Here at Copse, we always try to focus in the positive stories around being a (wonderful) parent and stay away from the sensationalist angle – however that doesn’t mean that we are afraid to tackle some of the more serious, less fun, yet still significant issues. Such as ensuring a financial legacy for your family.
Insurance is one of those personal finance things that none of us enjoy sorting out. The insurance industry thrives on fear-induced selling, and on capitalising on uncertainty and your worries.
Your relationship with insurance providers is one built on trust and expectation, along with the hope that you never actually have to use it and never have to experience customer service around claims, only renewals. It’s a subscription-based business model where they don’t have to provide you with any goods or service. Hopefully.
But for those unfortunate enough to make a call on their policies, you need to know that they will deliver and that you afforded yourself the correct and best cover regarding balancing premium with the return.
Life insurance provides for your loved ones after the point where you cannot. The type of cover and level that you will need/want depends entirely on your circumstances. For this article, I will use myself as an example, but I recommend you seek out independent financial advice. This article is for indicative purposes only and does not constitute financial advice or recommendations for your needs.
My ex-wife and I have separated and now live separately, both in rented accommodation. Separate living means that any insurance cover doesn’t need to include paying off a mortgage. Previously, we had a joint life insurance product which was a decreasing term policy. The amount the policy would payout decreased in line with the amount we owed through the mortgage, over the same period. This payout would ensure that should anything happen to us; the insurance would pay off the balance of the mortgage and therefore allow our children to either stay in the family house mortgage-free or to sell the property and have the benefit of the value of the house, less tax and fees.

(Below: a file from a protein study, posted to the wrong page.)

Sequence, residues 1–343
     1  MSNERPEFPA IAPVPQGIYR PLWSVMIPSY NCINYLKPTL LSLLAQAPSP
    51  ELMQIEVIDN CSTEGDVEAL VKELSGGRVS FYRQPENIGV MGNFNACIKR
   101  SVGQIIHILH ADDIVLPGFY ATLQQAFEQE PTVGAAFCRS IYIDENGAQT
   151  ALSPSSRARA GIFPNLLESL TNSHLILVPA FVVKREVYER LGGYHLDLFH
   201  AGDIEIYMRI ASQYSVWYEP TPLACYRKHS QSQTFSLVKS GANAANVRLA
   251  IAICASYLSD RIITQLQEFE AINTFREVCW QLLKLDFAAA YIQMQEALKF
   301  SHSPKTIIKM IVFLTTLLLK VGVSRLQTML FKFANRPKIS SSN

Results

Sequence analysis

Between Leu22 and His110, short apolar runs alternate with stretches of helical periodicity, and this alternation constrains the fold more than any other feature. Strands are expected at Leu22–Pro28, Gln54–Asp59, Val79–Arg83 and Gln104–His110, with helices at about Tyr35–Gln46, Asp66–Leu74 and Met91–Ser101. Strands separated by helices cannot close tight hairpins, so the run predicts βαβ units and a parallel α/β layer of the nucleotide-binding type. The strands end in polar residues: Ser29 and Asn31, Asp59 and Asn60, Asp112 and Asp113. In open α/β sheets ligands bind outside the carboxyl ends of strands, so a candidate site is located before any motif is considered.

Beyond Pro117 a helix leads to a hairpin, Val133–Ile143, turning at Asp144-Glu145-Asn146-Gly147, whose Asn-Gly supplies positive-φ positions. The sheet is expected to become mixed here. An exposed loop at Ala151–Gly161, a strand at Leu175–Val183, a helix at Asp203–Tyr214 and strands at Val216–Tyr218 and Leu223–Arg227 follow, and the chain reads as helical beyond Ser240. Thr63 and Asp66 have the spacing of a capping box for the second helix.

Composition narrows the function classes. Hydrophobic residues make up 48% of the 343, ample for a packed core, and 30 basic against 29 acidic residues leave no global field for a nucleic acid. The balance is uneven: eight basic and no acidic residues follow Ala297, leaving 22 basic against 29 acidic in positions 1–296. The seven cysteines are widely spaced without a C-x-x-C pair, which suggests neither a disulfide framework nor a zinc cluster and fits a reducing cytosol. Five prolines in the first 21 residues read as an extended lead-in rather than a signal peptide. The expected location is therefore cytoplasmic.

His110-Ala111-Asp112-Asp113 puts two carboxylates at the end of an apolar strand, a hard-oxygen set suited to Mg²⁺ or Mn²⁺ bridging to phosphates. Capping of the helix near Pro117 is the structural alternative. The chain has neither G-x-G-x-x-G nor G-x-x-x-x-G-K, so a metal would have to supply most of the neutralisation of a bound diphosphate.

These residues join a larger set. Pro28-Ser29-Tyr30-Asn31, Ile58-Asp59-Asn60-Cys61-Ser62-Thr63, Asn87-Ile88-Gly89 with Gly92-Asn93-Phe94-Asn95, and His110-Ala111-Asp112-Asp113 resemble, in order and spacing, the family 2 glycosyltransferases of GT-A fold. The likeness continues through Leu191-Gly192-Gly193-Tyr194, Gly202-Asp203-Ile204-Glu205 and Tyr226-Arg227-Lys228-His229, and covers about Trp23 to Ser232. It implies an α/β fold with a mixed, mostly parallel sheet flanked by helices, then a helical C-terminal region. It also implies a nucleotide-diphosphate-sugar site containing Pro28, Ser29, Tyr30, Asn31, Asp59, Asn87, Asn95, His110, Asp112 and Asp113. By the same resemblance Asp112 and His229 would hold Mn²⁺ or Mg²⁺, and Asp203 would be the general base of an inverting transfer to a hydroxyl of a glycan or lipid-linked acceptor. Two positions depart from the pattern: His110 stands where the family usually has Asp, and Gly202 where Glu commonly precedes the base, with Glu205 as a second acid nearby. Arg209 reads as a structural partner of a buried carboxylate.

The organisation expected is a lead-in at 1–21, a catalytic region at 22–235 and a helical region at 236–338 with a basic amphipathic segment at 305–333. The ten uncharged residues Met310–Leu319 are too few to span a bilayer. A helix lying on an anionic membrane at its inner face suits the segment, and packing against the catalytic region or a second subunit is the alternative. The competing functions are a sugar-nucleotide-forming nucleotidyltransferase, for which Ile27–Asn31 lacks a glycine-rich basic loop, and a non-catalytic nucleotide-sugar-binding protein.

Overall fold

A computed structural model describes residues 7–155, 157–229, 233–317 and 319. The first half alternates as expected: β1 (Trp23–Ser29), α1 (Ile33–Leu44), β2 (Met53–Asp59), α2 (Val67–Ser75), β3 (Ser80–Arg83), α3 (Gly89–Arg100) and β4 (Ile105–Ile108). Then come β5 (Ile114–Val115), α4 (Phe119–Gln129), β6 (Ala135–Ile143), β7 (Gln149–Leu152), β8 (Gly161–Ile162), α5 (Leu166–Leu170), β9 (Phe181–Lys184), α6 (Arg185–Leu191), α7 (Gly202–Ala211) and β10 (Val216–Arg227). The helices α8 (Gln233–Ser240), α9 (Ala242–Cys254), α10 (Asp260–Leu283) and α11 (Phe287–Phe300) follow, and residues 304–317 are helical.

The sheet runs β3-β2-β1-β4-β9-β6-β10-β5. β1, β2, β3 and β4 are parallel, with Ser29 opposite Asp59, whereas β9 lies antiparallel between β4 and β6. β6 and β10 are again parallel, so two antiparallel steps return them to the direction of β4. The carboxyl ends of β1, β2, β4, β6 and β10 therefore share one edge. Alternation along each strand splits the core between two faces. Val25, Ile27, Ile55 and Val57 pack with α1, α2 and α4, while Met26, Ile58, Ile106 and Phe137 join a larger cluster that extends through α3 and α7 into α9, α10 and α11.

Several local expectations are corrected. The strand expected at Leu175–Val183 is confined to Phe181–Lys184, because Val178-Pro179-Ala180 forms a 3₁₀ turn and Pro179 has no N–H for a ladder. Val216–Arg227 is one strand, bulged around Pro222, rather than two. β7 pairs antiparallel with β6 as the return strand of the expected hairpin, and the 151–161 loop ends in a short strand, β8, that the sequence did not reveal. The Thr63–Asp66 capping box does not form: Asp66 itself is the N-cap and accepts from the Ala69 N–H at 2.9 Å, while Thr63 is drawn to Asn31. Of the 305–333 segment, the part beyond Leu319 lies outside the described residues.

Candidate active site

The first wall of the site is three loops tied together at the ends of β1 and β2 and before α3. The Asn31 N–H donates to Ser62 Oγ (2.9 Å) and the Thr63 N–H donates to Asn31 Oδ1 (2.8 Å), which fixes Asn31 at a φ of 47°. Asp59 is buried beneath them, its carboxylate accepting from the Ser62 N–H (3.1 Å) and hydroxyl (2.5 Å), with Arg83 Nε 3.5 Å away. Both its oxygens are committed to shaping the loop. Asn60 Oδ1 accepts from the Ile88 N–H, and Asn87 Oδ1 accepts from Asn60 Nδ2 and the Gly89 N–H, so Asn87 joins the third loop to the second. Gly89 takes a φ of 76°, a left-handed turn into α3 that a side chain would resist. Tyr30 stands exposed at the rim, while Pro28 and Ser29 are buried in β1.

Now that I have no property to leave as a financial legacy, the product I have selected for my purposes (remember you need to get independent financial advice) is a life insurance product that will pay out a monthly amount for the children up until their 18th birthday and will then payout a lump sum.
My thinking behind this is to ensure that their guardian(s) would have enough to look after them, bring them up, clothe, feed, and provide childcare for them much in the same way as now – through the amount I contribute to them currently. On their 18th birthday, the monthly stipend would stop, and a lump sum would be paid out – to set them up for their education (university fees and the like) or to assist towards their first property, or around the world trip – however, they would like to spend it.
I set no conditions on how they will use the money; I like to think that my role as a parent is to ensure that by the time they reach 18, the children are capable of making sensible decisions – rational or emotional is up to them and the person that they will become.
I would love to believe that they will both go to university, but it’s not for everyone, and I would prefer they chose to do something meaningful to them.
My monthly premium is very low, but then I’m relatively young and healthy – your premium will be based on your circumstances and risks.
So this is just a brief overview of my take on life insurance and only meant to prompt you to at least consider your options. There are many life insurance companies and products out there, and you need to decide what financial legacy you want to put in place, and what premium you can afford.
Get some advice, talk to your spouse, children, friends, or family. Just don’t leave it.
Oh and check-out putting your policy into a trust. That’s next on my list